Wednesday, May 10, 2006

The things one learns from reading

I finished Beyond Black yesterday, and – while I know there are people getting ready to read this book and I will definitely say parts of it are worth while and some people, a lot of people, really liked it – I thought the ending was a mess. Without giving any details away, I’d like to say that Colette’s decision at the end of the book sucks. And I thought Mantel started spelling out her “point” in a way that was borderline preachy.

Okay. I will be reading David Mitchell’s Cloud Atlas next.

Stefanie wrote yesterday about the way one’s relationship with books can be like a love affair; it reminded me of a passage in my book about the history of the novel, where I came across a quotation from Delariviere Manley’s 1709 novel The New Atalantis about using books to seduce a lover. This is a different take on the love/sex/books relationship Stefanie described, a more literal one. The story, which I think is only a small part of Manley’s book (I've only read the quotation from the history book, not the entire thing) is about a woman, Charlot, whose guardian/father-figure first uses books to teach her of the dangers of sex. But then he falls in love with her, and he uses books for the opposite purpose: seduction. It’s quite scandalous. Her guardian, the Duke:

was obliged to return to court and had recommended to her reading the most dangerous books of love – Ovid, Petrarch, Tibullus – those moving tragedies that so powerfully expose the force of love and corrupt the mind. He went even farther, and left her such as explained the nature, manner and raptures of enjoyment. Thus he infused poison into the ears of the lovely virgin. She easily (from those emotions she found in her self) believed as highly of those delights as was imaginable. Her waking thoughts, her golden slumber, ran all of a bliss only imagined, but never proved. She even forgot, as one that wakes from sleep and the visions of the night, all those precepts of airy virtue, which she found had nothing to do with nature. She longed again to renew those dangerous delights. The Duke was an age absent from her; she could only in imagination possess what she believed so pleasing. Her memory was prodigious. She was indefatigable in reading. The Duke had left orders she should not be controlled in any thing. Whole nights were wasted by her in that gallery. She had too well informed her self of the speculative joys of love. There are books dangerous to the community of mankind, abominable for virgins, and destructive to youth; such as explain the mysteries of nature, the congregated pleasure of Venus, the full delight of mutual lovers and which rather ought to pass the fire than the press. The Duke had laid in her way such as made no mention of virtue or honour but only advanced native, generous and undissembled love. She was become so great a proficient that nothing of the theory was a stranger to her.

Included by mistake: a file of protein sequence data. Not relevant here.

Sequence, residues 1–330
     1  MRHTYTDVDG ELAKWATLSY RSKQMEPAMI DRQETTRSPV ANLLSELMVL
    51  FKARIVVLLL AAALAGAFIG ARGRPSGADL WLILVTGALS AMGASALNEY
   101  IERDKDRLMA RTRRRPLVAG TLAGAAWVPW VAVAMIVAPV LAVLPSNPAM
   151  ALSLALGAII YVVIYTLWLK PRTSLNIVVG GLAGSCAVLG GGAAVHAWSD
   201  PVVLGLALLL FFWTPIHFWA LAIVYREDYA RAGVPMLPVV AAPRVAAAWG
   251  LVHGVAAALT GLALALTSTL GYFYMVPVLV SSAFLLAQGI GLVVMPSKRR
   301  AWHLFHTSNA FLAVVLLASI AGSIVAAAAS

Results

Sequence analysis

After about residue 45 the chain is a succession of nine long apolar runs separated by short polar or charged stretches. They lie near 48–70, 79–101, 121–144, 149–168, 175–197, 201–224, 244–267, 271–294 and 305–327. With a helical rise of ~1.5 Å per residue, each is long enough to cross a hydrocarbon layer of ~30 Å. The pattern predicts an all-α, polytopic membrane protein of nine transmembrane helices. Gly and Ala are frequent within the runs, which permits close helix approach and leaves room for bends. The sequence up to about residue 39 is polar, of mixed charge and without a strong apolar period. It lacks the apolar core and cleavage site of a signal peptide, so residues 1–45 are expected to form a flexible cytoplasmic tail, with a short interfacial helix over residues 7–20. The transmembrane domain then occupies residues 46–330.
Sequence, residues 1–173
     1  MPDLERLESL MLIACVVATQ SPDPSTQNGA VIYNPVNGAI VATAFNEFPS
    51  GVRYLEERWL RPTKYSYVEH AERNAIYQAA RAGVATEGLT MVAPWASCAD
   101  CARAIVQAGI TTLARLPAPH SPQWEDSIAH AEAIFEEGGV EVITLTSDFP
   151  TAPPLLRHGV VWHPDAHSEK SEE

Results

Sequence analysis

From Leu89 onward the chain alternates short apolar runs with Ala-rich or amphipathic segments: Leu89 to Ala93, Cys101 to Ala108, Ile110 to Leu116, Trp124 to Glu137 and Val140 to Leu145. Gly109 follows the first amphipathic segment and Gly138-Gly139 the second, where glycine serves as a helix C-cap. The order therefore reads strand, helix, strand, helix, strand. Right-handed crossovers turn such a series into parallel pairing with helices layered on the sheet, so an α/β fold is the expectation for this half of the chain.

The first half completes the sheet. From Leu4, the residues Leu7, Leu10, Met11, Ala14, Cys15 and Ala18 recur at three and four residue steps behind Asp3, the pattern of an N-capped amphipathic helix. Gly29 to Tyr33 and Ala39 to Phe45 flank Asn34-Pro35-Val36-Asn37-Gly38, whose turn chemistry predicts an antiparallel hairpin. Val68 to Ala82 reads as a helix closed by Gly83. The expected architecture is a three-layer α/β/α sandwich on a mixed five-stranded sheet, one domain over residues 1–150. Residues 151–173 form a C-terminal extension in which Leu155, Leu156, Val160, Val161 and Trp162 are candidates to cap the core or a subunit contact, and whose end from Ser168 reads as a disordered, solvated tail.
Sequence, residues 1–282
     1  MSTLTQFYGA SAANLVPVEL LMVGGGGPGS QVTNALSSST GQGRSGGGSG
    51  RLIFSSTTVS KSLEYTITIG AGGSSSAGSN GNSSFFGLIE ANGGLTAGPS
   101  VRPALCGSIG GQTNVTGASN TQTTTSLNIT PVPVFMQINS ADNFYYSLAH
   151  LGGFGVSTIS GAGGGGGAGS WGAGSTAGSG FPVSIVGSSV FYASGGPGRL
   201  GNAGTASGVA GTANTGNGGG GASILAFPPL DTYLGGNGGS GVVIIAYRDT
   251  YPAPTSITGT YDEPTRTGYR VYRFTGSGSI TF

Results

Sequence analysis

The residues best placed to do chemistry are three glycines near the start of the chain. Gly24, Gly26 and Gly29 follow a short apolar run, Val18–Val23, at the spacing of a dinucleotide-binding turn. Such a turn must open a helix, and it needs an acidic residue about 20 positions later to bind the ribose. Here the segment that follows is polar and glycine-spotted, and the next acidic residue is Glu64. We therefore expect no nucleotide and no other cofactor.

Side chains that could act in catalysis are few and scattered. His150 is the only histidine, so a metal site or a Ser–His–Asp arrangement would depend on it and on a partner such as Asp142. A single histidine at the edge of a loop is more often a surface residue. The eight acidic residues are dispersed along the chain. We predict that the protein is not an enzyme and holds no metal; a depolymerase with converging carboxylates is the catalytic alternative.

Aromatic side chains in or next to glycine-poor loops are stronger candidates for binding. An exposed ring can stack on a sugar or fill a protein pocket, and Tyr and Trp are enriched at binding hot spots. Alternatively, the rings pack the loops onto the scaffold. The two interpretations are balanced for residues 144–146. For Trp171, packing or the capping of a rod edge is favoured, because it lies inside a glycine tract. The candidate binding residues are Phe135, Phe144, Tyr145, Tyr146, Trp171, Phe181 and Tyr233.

The Duke wants to seduce her, and so absents himself and leaves her with books. Reading comes to take the place of sex while he’s gone, and reading about sex is described as kind of like sex itself: she is indefatigable, uncontrolled, longing, and passionate. It makes you think about the pleasures of reading in a new way, huh?

I think the narrator’s position in this passage is interesting. The narrator is judgmental – these books are poison, bringing corruption, and Charlot is a victim of the predatory Duke – but the narrator is also vicariously enjoying Charlot’s seduction. And Charlot's pleasure is so well described that it overwhelms the moral judgments. Underneath the moralizing, the narrator is enjoying and legitimizing Charlot's sexual awakening. This is scandalous stuff for an eighteenth-century woman writer, and so Manley is putting in the tone of warning, but she’s also enjoying herself through writing as Charlot is through reading, and the book is meant to titillate more than to teach a lesson about virtue. Manley is walking a fine line between being entertaining her readers, both men and women, (and thereby selling books) and getting into a lot of trouble.

Anyway, part of the point of the book – the history of the novel book, not Manley’s book – is to analyze this kind of early novel and help us understand its place in novel history. And to show that this kind of writing – precursor to modern “cheap,” “low-brow” romances – is as much as part of novel history as Daniel Defoe and Samuel Richardson.